The GRiD had an electroluminescent (ELD) screen — the kind of display that’s often used in car dashboards—which like early CRTs had a dark background by necessity. Yet around the same time, Nuttall designed a product called WorkSlate (1983), which he describes as “not really a laptop, more like a spreadsheet,” and the first product of its kind to use an LCD display. The WorkSlate, with a screen only slightly larger than a postcard, was one of the earliest examples of a black on white monochrome display.

A long, black horizontal computer that looks more like a bit like a transistor radio, with white keyboard keys, a small screen, and a speaker on the right side.
Workslate, 1983. Photo courtesy Smithsonian Institute. Illustration by Beatrice Sala.

“When we all changed to color [LCDs], like with the first real laptops, I don’t remember anyone ever having a dark screen,” says Nuttall. He compares color LCDs to monochrome LCDs (like the one used on WorkSlate), in which the resting state of the components of the screen (the crystals) is light. He says color LCDs are light by default for the same reason: “You have a backlight, so you have a light screen.” Turning that screen black or grey would actually use more power, because you have to switch the crystals over. “They’re in a sort of open mode when they’re white.” 

A personal computer with a foot deep monitor and rounded edges
iMac G3, 1998. Photo courtesy Wikicommons. Illustration by Beatrice Sala.

Early LCDs looked good on profile, but lacked the (comparatively) crisp graphics of CRTs. Despite their sophisticated appearance, color LCDs were low resolution, which is why foot-deep CRT monitors persisted in desktop computers for so long. It may also be another reason why color LCDs had white backgrounds instead of black ones: In the ’90s, a light character on a dark screen would have been harder to read on an LCD than a CRT screen. And besides, LCD screens needed to be distanced from monochrome CRTs, a reliable but stodgier technology.

A grey and black laptop like the ones in use today, thin and slick.
Macbook, 2015. Photo courtesy Wikicommons. Illustration by Beatrice Sala.

By the mid 2000s, LCDs had finally surpassed CRTs in image quality and became the norm in both laptop and desktop displays. This eventually led the way to LEDs, which combine crystals with a more precise backlight in the form of diodes. The monochrome monitors of early computers still seem charmingly inert as compared to the addictive, full color screens that we’re now used to. But given the graphics capabilities of today, along with innovations like OLED screens—which essentially create a true black backdrop for any image—starting from dark simply makes more sense. (OLED screens don’t require a backlight. They’re the only kind of displays that conserve power in dark mode.)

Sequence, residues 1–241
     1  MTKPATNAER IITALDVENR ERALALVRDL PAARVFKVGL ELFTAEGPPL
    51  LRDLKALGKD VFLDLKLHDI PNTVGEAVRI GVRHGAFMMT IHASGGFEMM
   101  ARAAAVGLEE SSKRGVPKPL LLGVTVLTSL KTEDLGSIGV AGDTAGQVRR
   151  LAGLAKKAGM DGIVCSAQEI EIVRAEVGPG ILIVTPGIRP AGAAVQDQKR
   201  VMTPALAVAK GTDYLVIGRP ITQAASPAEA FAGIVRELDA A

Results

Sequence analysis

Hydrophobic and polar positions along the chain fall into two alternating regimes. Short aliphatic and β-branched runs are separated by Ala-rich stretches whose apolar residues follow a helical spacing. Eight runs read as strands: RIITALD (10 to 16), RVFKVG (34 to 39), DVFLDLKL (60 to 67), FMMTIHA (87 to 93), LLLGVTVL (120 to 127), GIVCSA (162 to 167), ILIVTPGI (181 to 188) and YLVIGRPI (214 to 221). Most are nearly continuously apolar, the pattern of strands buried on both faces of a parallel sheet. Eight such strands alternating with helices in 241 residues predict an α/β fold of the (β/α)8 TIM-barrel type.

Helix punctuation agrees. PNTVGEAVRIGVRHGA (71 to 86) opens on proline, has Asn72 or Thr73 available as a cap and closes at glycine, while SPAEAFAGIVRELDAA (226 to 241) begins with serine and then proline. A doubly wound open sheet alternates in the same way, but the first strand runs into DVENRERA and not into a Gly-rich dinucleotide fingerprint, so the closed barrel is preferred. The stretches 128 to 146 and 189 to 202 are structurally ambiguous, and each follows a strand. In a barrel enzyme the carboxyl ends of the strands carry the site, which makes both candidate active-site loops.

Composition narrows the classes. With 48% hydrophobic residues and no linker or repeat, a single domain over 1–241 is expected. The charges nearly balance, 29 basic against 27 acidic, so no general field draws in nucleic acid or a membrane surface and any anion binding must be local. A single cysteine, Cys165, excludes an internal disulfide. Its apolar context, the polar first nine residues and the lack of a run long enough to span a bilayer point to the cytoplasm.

Two phone displays side by side, both showing a messages app against a black background
Dark mode on iPhone and Android. Photo courtesy Wikicommons. Illustration by Beatrice Sala.

Today, dark mode stans, of which there are many, claim that it improves legibility and reduces eye strain. Those claims are up for debate, but it’s clear that many also prefer dark mode for purely aesthetic reasons: it comes off as sleeker, makes colors pop against the contrast, and frankly just offers something different from the usual white. Dark mode does, however, throw the focus on individual parts of a screen over the whole of it, providing somewhat of a visual respite from overstimulation. It turns a screen into a kind of black box theater that highlights what’s important and eliminates everything else. Perhaps that desire for focus is why, years later, with many options available, dark backgrounds have become popular. 

Dark mode, Keely says, might be just the beginning of what’s next for displays across industries.

The proliferation of digital technology in the home over the past decade has led to a number of muted interfaces in products as varied as the Nest thermostat (motion-activated, multi-color text on black LCD), the Roku app (animated, dark purple backdrop) and the Instant Pot (white text on deep blue monochrome LCD). This trend towards dark displays, and their tendency to fade into the background with accents at the fore, may be a sign of an entirely different interface. Dark mode, Keely says, might be just the beginning of what’s next for displays across industries. The craving for distraction that even an un-illuminated screen can inspire is enough to make you consider what it would be like to eliminate them altogether. 

Head-up displays (HUD), which use OLEDs to project images, are becoming more common in car designs. (That may sound imposing, but HUDs only appear when activated and offer an alternative to oversized screens like those seen in Teslas.) Augmented reality products like HUDs seem like a natural extension of eliminating a background, allowing objects to exist in borderless space rather than a glowing white rectangle. The discreet edges of screens, and the compartmentalization they represent, offer a semblance of control over technology. Augmented reality, which appears when it’s needed and is out of sight when it’s not, gives users another layer of detachment. Black, white, purple, blue…in a few years, we could be beyond screens altogether.